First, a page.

Mixed Messages: Florida’s Redistricting Process

For several months now, the Republican-controlled Florida Legislature has been the focus of increasing scrutiny as the process of redistricting gets underway. Across the nation, the consensus has been to increase opportunities for public input on potential new district maps. Florida’s lawmakers, however, are doing something decidedly different.

Republicans who dominate the reapportionment committees have refused to hold public hearings. They will not conduct hearings on-the-road nor will they speak to the media. Yet, they continue to draw the maps all the same.

The last time Florida’s lawmakers drew maps following the release of new census data was in 2011. Those maps were so cartoonishly ​​contorted in favor of Republicans that they were eventually thrown out by the Florida Supreme Court and redrawn. Circuit Court Judge Terry Lewis also concluded that Republican operatives had successfully been able to “hijack” the redistricting process, running a shadow operation implicating everyone from the speaker of the Florida House and the Florida Senate president to seedy political operatives who drew maps code-named Frankenstein, Sputnik and Shmedloff.

This heightens the need for Florida’s Republicans to open the process this time — they must show the public exactly what they are doing in order to earn back the trust they lost. However, they aren’t exactly helping their case.

Republican state legislators have claimed that these changes are due to COVID-19 despite simultaneously claiming the pandemic is over. They have also tried to explain that since the census data was released late, they effectively had less time to do their jobs. This is particularly interesting as these lawmakers found several legislative days to tilt at the windmill of non-existent voter fraud. DeSantis has even recently announced a special five-day legislative session to combat the (super scary) spread of vaccine mandates.

Though the map drawing cannot formally begin until January, it would be wise for lawmakers to gauge public sentiment with hearings prior to redistricting. There is certainly time to do so and membership of the respective committees has been finalized. Even Zoom hearings — COVID-19 safe, in far more controlled environments than in-person hearings and logistically more flexible — would be welcomed.

Several other Republican-controlled states have already finished their redistricting; West Virginia, for example, conducted both in-person and virtual public hearings. They also received the data later than usual while the Delta Variant was spiking in their state, yet they still managed to get the job done properly. Why can’t Floridian Republicans do the same?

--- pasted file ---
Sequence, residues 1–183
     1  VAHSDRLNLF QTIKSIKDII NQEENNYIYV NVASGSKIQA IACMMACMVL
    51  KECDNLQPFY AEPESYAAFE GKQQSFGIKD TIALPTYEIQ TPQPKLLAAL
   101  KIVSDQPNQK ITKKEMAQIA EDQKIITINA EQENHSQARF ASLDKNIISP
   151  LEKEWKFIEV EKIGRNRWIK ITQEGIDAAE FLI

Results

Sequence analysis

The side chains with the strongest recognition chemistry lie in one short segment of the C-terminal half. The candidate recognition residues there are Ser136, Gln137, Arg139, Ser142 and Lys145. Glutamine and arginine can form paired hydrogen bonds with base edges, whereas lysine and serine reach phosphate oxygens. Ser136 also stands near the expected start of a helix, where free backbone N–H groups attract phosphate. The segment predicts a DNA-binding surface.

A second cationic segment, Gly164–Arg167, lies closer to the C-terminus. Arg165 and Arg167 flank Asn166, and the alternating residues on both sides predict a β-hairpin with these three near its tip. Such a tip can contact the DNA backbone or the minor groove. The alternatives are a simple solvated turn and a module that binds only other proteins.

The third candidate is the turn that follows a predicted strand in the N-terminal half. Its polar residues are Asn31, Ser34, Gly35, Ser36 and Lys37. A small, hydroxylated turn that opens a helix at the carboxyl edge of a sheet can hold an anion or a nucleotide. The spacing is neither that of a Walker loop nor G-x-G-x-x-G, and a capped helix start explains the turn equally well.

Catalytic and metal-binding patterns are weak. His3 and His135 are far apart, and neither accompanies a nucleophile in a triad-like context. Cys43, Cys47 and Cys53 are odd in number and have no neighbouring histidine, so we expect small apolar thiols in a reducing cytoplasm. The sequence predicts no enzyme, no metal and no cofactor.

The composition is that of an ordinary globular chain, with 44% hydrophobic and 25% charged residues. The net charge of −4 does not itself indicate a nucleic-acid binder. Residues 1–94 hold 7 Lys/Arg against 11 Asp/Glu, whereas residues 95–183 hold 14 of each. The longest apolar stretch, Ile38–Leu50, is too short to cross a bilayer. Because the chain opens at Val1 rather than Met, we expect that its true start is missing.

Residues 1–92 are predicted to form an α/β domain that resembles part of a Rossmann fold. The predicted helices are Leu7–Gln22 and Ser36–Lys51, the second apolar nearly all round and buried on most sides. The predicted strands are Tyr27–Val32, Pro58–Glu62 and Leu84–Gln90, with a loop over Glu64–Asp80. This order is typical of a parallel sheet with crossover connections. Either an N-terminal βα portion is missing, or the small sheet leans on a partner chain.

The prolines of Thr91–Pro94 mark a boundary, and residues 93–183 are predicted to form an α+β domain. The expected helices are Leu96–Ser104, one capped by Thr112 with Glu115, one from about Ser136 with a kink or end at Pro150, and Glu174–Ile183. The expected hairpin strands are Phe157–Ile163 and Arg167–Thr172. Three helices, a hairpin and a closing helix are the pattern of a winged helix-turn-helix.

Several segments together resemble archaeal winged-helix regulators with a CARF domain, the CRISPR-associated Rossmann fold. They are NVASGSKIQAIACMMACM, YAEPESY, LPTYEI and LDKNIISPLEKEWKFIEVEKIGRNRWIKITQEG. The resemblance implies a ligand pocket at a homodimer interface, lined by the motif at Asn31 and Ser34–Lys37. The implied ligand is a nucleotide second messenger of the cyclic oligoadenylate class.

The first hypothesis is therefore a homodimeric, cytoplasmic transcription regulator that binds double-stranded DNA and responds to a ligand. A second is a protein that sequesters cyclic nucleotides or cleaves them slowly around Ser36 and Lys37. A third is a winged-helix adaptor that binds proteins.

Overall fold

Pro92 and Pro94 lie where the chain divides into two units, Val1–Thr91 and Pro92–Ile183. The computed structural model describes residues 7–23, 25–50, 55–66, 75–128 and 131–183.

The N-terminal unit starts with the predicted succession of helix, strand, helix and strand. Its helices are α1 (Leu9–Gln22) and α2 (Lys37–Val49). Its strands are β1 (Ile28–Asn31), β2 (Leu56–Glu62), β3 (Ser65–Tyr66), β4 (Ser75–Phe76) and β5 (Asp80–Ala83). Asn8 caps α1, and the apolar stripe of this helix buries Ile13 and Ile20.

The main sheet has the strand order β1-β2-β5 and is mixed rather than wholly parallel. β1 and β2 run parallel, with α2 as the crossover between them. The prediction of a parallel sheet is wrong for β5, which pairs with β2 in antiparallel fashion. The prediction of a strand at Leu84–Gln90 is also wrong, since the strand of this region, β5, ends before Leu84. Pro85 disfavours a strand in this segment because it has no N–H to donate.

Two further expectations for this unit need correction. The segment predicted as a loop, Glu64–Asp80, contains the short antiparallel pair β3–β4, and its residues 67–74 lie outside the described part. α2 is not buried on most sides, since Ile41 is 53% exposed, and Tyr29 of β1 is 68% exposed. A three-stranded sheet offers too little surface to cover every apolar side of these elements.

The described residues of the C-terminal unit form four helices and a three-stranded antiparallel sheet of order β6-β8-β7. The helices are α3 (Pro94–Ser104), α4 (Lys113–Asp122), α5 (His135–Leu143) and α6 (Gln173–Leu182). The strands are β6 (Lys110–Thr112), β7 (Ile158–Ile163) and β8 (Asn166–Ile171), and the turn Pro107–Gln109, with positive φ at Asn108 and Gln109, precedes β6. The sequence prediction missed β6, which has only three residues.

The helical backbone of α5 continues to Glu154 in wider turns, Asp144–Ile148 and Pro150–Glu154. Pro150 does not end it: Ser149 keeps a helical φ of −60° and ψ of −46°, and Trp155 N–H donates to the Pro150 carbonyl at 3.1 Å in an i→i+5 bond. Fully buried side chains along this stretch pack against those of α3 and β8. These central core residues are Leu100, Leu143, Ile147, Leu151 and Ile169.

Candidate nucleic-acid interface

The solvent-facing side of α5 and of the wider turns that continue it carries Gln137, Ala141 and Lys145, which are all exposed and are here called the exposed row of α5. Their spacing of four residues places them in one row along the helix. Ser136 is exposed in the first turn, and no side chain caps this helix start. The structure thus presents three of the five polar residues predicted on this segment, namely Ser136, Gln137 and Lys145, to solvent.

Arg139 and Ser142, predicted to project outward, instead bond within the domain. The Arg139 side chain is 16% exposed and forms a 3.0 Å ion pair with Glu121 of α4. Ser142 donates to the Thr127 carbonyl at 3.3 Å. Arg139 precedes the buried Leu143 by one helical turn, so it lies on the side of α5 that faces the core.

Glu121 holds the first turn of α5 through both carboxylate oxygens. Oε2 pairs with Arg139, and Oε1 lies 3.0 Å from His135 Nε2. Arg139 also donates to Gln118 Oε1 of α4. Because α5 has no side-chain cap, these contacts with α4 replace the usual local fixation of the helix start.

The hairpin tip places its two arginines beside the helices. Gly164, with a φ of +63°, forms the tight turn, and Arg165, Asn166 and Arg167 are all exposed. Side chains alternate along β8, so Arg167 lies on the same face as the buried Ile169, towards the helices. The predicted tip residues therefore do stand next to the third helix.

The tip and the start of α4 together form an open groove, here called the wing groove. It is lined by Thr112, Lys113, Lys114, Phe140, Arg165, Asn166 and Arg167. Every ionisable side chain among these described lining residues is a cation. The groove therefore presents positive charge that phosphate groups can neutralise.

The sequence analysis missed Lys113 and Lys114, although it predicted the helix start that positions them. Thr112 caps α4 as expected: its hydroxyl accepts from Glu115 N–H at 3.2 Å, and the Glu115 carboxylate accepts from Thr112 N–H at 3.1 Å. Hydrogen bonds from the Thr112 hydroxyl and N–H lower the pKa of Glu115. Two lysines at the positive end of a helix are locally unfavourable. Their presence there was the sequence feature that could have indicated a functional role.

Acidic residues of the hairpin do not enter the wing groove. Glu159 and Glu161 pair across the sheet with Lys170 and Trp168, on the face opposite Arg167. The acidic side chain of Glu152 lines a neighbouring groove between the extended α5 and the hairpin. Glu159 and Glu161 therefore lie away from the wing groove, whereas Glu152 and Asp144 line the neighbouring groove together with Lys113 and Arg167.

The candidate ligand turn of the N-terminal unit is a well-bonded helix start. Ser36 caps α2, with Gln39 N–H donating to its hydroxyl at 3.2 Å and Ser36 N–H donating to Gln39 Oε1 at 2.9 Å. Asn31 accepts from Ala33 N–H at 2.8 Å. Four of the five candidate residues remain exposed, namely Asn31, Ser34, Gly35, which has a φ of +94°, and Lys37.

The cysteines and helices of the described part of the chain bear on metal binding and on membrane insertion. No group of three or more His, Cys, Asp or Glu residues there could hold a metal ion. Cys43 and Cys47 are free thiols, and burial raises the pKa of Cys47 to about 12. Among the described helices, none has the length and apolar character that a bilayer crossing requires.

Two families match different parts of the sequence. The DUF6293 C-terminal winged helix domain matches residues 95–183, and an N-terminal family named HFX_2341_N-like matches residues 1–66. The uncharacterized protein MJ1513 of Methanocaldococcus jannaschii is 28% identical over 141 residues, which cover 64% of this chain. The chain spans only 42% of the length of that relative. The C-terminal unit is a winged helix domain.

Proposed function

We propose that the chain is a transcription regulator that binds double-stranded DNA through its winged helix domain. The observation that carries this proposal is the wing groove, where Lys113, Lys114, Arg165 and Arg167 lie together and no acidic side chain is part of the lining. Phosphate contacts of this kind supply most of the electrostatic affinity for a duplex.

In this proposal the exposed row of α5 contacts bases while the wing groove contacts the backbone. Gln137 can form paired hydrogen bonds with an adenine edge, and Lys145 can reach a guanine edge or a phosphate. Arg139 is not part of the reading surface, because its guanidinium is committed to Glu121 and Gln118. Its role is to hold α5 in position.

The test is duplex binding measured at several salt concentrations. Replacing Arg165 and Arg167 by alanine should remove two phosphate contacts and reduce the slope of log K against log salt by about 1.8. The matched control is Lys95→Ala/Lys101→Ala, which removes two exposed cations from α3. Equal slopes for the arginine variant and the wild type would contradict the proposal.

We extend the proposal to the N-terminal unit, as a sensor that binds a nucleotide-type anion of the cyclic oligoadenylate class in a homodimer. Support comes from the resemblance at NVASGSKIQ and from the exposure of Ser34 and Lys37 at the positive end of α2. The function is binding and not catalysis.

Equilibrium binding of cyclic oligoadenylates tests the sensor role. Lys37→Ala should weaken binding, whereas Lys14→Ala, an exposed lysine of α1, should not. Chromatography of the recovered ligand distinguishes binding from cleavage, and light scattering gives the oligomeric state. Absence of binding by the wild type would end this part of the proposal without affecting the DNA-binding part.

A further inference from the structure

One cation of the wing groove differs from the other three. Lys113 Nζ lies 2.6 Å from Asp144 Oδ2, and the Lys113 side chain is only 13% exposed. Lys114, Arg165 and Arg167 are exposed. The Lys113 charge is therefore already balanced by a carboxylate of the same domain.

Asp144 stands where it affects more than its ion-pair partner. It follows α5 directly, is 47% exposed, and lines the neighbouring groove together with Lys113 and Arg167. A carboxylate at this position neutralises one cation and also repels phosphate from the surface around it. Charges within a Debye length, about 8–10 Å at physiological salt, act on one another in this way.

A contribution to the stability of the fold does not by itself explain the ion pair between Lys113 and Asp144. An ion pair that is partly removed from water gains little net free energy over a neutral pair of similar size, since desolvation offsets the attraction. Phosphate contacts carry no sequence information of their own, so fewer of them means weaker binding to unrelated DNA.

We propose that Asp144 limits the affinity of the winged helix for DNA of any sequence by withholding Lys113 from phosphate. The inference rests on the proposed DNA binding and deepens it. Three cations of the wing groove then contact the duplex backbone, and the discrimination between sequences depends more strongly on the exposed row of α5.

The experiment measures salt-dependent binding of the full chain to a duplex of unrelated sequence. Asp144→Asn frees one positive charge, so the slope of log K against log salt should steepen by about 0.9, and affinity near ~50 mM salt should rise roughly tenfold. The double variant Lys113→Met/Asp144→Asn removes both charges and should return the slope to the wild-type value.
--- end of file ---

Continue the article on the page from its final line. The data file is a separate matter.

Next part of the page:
Room for Optimism

Not all hope is lost. Sen. Audrey Gibson, D-Jacksonville, a member of the Reapportionment Committee, has a more positive outlook on the redistricting process. A proud public servant, she told the Florida Political Review she sees her task as making sure legislators “are constitutionally doing [their] jobs,” striving to ensure the committee is “not biased at all.”

It is my hope that all lawmakers can perform their duties with this creed in their minds, as it is necessary to prevent a repeat of the fiasco of 2011. By adhering to the state and federal constitutions — not partisan actors — legislators would enormously benefit the Floridian people.

The Floridian people deserve representatives who truly represent them. The good thing is, some changes are allowing this to become a reality. As Gibson points out, this is the first time “there is a [new] website with more information” than many people can glean from on-the-road hearings — a key difference from redistricting in 2011.

The website,, regularly updates the public on the redistricting process. Its creation will allow more Floridians than ever before the opportunity to learn about the unique redistricting process, even if they cannot participate as much as they previously could. A small win, but a win nonetheless.

An Enigmatic Future

So far, 19 Democrats have signed a pledge to ensure transparency in the redistricting process. Rep. Joe Geller, D-Hollywood, and Sen. Annette Taddeo, D-Miami, have even introduced a bill that would get rid of the exemption that prevents redistricting plans from being available as public records, significantly increasing transparency. However, with Democrats being an ignored minority, it is unlikely that this bill will pass as there is only so much they can do.

Yet, it is still unclear exactly what does seem likely. 

Florida is one of the biggest unknowns in national redistricting. Despite no on-the-road hearings and less time for map drawing, the new website and reassurances from public servants open some doors for public participation and hope for a fair process, even as others close. 

Right now, the process is not as fair as it could be, possibly leading to maps as distorted as those drawn up 10 years ago. The process is also not as unfair as it could be, which may prove to be a stepping stone to a fairer system free from partisan bias.

When the legislature begins to redraw districts beginning on Jan. 11, 2022, there will be many questions; the only way to get definitive answers will be to wait and see what the finalized maps look like. Only then — when the maps are revealed — will Floridians know what their political representation will entail for the next 10 years.

Check out other recent articles from Florida Political Review here.

Featured image: State Representative Chris Sprowls (R-Dunedin) (now Speaker) converses with fellow Representatives Jason Fischer (R-Mandarin) and Danny Burgess (R-Zephyrhills) (now Senator and Redistricting Committee member) in 2017 on the House Floor. Unmodified photo by and used under the public domain (

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